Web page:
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Commentary
October 2000

Primary Facial Rehabilitation in Facial Paralysis After Extirpative Surgery

Author Affiliations

Section of Facial Plastic Surgery
Division of Otolaryngology, Plastic & Reconstructive Surgery
University of New Mexico Health Sciences Center
2211 Lomas Blvd, NE (2-ACC)
Albuquerque, NM 87131
(e-mail: jfrodel@saluc.unm.edu)

 

Section of Facial Plastic Surgery
 Division of Otolaryngology, Plastic & Reconstructive Surgery
 University of New Mexico Health Sciences Center
 2211 Lomas Blvd, NE (2-ACC)
 Albuquerque, NM 87131
 (e-mail: jfrodel@saluc.unm.edu)


Arch Facial Plast Surg. 2000;2(4):249-251. doi:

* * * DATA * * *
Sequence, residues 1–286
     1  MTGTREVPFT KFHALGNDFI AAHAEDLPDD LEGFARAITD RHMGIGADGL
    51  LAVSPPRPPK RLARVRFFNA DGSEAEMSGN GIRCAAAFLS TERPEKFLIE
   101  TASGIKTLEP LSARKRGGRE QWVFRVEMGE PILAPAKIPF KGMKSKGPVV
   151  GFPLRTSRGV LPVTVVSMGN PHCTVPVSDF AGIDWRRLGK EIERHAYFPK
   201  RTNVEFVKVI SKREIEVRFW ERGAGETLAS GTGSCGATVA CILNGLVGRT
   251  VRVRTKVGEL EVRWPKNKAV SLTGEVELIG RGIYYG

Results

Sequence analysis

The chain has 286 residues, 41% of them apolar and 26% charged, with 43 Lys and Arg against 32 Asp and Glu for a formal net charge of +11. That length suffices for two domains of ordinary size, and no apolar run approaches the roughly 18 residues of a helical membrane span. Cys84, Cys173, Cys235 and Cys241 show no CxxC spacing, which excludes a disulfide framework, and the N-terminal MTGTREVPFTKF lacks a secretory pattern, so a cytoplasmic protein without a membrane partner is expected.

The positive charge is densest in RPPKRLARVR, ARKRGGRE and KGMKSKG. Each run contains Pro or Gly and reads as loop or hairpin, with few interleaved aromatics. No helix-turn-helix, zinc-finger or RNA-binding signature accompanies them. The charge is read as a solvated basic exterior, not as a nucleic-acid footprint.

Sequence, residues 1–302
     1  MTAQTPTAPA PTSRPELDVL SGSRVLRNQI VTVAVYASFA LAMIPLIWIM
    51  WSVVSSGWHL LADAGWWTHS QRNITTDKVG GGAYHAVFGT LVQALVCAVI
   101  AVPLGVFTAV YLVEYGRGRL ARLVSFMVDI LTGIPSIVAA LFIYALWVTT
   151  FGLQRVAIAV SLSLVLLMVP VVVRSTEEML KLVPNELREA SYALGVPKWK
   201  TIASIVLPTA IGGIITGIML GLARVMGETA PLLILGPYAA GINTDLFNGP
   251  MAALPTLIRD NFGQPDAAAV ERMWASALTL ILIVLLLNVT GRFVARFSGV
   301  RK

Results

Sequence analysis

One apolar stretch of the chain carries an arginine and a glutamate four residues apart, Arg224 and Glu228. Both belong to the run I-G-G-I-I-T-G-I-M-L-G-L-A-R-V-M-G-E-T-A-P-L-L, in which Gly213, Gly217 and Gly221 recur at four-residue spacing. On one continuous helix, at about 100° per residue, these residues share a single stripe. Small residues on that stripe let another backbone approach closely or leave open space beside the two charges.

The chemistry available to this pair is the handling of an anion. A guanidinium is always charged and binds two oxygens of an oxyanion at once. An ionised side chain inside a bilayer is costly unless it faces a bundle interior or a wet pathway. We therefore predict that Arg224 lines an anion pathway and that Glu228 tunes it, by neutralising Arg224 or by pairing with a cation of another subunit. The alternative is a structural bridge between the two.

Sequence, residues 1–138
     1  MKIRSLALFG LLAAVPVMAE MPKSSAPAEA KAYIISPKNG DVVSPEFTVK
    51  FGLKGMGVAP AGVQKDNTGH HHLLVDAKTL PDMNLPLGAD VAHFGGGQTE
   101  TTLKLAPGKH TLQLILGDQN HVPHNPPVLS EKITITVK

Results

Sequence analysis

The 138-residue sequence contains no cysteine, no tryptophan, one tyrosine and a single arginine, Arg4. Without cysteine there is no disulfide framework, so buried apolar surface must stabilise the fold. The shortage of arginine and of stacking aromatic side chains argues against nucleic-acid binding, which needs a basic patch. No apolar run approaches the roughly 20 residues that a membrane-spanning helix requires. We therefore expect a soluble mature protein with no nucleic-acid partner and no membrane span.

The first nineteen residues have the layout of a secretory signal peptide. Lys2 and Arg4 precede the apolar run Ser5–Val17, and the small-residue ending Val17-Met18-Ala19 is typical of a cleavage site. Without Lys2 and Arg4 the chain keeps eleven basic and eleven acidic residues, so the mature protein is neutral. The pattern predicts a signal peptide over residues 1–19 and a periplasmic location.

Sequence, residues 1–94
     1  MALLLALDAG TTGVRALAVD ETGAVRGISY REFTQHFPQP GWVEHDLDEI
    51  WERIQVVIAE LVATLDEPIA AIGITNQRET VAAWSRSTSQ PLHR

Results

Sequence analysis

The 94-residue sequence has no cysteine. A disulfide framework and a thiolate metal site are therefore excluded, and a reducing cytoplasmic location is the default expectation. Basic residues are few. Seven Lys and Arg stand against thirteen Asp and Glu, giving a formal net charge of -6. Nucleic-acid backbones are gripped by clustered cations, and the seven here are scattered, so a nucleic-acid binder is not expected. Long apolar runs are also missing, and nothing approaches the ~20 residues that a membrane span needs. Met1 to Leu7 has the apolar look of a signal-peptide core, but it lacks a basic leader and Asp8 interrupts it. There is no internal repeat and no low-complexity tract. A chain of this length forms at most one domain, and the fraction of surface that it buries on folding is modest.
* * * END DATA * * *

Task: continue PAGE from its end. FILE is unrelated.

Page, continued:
MANAGEMENT of fixed facial paralysis following extirpative surgery of lateral skull base and parotid tumor malignant neoplasms has proven to be a difficult problem. Traditionally, this deformity has been managed in a delayed fashion, long after the development of the predictable sequelae that occur with such facial paralysis. Facial paralysis can be quite minimal in a younger patient but clinically significant in an older patient. In the younger patient, the youthful elastic skin tends to remain tight despite the paralytic loss of underlying muscle tone. Similarly, the lower eyelid region is less likely to develop the manifestations of paralytic ectropion. Conversely, in the aging patient, this loss of underlying muscle tone, in combination with previously existing inelastic and ptotic soft tissues, leads to significant cosmetic and functional deformities. These include oral commissure ptosis, facial soft tissue ptosis, and lower eyelid ectropion. Lower eyelid ectropion is believed to be secondary to laxity of the lower eyelid as well as the increasing pull of the paralyzed and ptotic midface soft tissues.

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